In recent weeks, the highly contagious Omicron variant of COVID-19 virus has resulted in a surge of new cases across Canada. Unfortunately, these numbers are expected to continue to rise in the coming weeks. At Anova, the safety and health of our patients and medical team is our top priority.
Firstly, we are happy to announce that all fertility services will remain available at Anova clinics throughout January 2022. However, we have updated our safety measures in the clinic to better protect our staff and patients, in accordance with new public health guidelines:
With these updates to our clinic processes, we are confident that we can continue to offer all fertility services while maintaining a safe clinic environment for patients and staff. As always, we will continue to monitor public health guidelines for any changes to required clinic procedures and update you accordingly.
For patients currently undergoing treatment, help us keep the clinic a safe environment by:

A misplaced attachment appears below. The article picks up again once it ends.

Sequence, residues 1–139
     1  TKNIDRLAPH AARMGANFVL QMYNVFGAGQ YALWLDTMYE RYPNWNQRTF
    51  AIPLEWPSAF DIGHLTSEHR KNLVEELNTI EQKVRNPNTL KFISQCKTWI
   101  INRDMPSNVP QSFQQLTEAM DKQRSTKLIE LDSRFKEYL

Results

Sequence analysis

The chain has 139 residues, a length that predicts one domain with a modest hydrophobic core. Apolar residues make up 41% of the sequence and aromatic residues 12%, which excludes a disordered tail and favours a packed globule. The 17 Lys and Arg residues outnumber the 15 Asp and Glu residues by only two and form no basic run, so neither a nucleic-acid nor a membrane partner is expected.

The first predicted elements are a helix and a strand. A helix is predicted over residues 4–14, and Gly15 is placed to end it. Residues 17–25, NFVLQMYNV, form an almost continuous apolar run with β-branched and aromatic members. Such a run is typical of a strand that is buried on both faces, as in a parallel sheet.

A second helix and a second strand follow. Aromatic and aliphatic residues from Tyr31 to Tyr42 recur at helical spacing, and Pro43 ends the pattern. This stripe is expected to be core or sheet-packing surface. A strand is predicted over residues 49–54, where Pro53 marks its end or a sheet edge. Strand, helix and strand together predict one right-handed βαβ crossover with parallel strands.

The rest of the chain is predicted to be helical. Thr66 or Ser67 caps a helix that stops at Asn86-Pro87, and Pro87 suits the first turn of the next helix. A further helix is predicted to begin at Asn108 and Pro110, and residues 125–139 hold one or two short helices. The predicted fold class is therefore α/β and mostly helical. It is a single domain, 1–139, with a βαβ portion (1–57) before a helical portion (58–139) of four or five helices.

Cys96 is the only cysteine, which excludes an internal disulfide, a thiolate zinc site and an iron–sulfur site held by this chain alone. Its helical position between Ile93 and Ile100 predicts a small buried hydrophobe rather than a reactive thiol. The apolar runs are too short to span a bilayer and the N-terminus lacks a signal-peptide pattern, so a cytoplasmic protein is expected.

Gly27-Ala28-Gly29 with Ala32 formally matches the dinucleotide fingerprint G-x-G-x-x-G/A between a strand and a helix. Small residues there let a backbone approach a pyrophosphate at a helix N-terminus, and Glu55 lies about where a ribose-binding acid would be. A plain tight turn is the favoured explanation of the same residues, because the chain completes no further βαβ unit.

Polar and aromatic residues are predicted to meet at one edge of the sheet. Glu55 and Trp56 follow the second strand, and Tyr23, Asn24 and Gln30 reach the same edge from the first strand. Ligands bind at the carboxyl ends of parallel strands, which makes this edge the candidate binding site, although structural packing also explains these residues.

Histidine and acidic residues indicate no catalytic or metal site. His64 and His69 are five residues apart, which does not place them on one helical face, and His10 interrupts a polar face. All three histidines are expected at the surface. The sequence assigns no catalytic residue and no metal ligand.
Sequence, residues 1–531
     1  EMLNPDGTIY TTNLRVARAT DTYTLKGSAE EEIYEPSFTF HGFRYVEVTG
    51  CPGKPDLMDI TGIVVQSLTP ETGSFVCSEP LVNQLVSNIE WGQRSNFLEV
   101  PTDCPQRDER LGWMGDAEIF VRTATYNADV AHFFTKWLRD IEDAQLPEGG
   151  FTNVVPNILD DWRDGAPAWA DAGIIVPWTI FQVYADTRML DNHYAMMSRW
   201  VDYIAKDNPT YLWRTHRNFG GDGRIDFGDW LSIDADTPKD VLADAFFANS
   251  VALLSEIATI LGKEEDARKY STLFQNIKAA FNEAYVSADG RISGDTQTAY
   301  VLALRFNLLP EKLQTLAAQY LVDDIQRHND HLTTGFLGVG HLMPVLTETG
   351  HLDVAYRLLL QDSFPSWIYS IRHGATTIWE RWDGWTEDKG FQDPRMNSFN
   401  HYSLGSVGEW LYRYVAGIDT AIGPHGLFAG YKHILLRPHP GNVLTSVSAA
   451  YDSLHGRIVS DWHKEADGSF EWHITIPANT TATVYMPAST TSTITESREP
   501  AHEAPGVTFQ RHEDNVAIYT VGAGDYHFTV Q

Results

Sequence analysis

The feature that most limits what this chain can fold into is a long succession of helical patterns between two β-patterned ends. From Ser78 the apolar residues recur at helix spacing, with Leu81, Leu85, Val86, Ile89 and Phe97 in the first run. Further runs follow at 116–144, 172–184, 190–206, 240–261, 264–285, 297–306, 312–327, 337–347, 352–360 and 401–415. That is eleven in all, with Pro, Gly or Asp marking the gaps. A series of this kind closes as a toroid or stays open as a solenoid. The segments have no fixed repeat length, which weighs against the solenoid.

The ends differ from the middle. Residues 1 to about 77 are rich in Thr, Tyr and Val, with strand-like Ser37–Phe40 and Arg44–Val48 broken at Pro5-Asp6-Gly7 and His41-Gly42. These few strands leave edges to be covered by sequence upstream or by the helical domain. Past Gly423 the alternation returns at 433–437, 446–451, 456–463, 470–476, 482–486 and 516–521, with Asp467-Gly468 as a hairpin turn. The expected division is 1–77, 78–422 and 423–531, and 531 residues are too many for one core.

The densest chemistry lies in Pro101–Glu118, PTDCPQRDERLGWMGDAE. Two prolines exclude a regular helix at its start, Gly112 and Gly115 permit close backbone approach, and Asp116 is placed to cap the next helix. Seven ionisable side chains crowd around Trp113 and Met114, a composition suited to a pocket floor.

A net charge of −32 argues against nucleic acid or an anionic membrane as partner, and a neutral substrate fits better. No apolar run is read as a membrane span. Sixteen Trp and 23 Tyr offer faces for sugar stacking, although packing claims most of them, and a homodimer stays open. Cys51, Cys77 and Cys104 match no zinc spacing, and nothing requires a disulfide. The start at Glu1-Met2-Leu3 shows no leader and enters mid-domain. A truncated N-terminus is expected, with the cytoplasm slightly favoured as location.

We greatly appreciate your continued patience throughout this new phase of the COVID-19 pandemic. We know that things such as reduced capacities and frequent changes to clinic procedures can make an already difficult fertility journey even more stressful. Please know that we are doing everything in our power to make your journey as smooth as possible while ensuring that you remain safe and healthy.
We look forward to helping you achieve your fertility goals in 2022!
Take a look at the Q&A below and see if your question has been asked before
Why is the Omicron variant of COVID-19 so contagious?
There are a few reasons why the Omicron variant is more contagious than past variants of COVID-19. Firstly, the mutations that have occurred in the virus have allowed it to be more efficient at infecting individuals and replicating itself. So far, the Omicron variant appears to result in more mild symptoms than previous variants. Initial research suggests that this may be because the virus cannot infect the lungs very well, so it typically stays in the upper respiratory system1. However, it is unclear how this variant will affect the unvaccinated population.